rights, and upon that issue they enter the lists. Organization side. As the Washington Star puts it, “there is nothing in the

denying the right to organize--combined capital demanding the position of either side to elicit the sympathy of the general pub

surrender of combined labor—these are the real questions at lic,” for "the fight of the Association is to make itself a monopo

issue between the steel trust and the Amalgamated Association." listic labor combine, just as the steel trust seeks monopoly in its

The Chicago Inter Ocean fears that, whichever side wins, a particular line of employing capital.” And the Richmond Times

staggering blow has been given our steel industry, and it repredicts that each side will gain something and lose something marks that “the strike is in effect a surrender of American capiin the final adjustment. It says:

talists and workmen to Europe.” And the Boston Advertiser "The principle of freedom is strongly ingrained in the Ameri- believes that the losses of the strike will fall more heavily upon can nature, and no matter by what route the end may be ob- the workingmen than on their employers. It observes : tained, we feel convinced that the final outcome of the dispute between capital and labor will be settled on the basis that the “What the strikers lose while the mills are shut down is gone laborer shall be free to work in a factory whether he belong to from them forever. Whether they win or lose their fight, their the union or not, and that the employer on his part shall not dis- lost wages will never come back to them. But it is not so with criminate for or against the laborer because he dces or does not the trust. Just so much iron and steel product will be demanded belong to a union. ... There should be no objection to a m by the consuming public, strike or no strike. The stock on hand joining any union he chooses. But on the other hand, a man who will be sold for a higher price. The difference in price will has his time to sell in the open markets should be allowed to do so nearly or quite make up for the loss of profits while the mills are at such times and on such terms as to him seems good.”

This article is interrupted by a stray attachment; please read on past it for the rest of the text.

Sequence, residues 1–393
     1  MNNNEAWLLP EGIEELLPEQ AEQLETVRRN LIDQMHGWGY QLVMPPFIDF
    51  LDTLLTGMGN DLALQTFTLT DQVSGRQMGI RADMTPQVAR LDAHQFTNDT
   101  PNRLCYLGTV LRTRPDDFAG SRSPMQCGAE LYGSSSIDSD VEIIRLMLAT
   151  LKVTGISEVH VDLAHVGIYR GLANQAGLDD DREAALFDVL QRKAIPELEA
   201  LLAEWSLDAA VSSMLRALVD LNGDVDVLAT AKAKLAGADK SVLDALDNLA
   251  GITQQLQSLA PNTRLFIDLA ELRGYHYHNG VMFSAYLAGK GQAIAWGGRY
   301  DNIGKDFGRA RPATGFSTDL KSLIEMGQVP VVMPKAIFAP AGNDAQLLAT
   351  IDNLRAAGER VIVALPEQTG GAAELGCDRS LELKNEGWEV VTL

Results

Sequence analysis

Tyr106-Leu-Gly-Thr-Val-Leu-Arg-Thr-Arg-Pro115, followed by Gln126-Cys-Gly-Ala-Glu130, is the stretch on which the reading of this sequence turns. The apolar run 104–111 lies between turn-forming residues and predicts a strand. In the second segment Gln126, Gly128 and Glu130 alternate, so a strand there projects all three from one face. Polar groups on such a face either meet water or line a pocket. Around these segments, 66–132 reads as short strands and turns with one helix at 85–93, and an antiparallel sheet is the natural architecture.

closed. When they reopen, production will be pushed a little

faster, until the demand is supplied, and another surplus is acTo judge from the tone of the newspaper comment, public

cumulated. Consumers will have lost something. Workingmen sympathy would have been more strongly with the strikers if Pres

who have been idle will have lost much. The steel trust will ident Shaffer had limited his demand to the proposition that men have lost nothing." in the non-union mills be permitted to join the union if they wished to, without losing their places, as such a demand would

Not a few papers declare that the suspension of a large part of have placed the trust in the position of coercing the men of the

the steel industry is a matter that concerns the whole country, non-union mills to stay out of the union. It is also suggested

and that the Government ought to have the power to enforce that President Shaffer would have done better to wait until there

arbitration or some other method of settling the dispute. The

Cleveland Leader says on this point: was some grievance about hours or wages, for the non-union men would be likely to join the union in such a strike, thus reaching “What right has a capital trust or a labor trust, acting singlv the very result now aimed at (as actually happened in the an- or together, to tie up the industries of the United States as the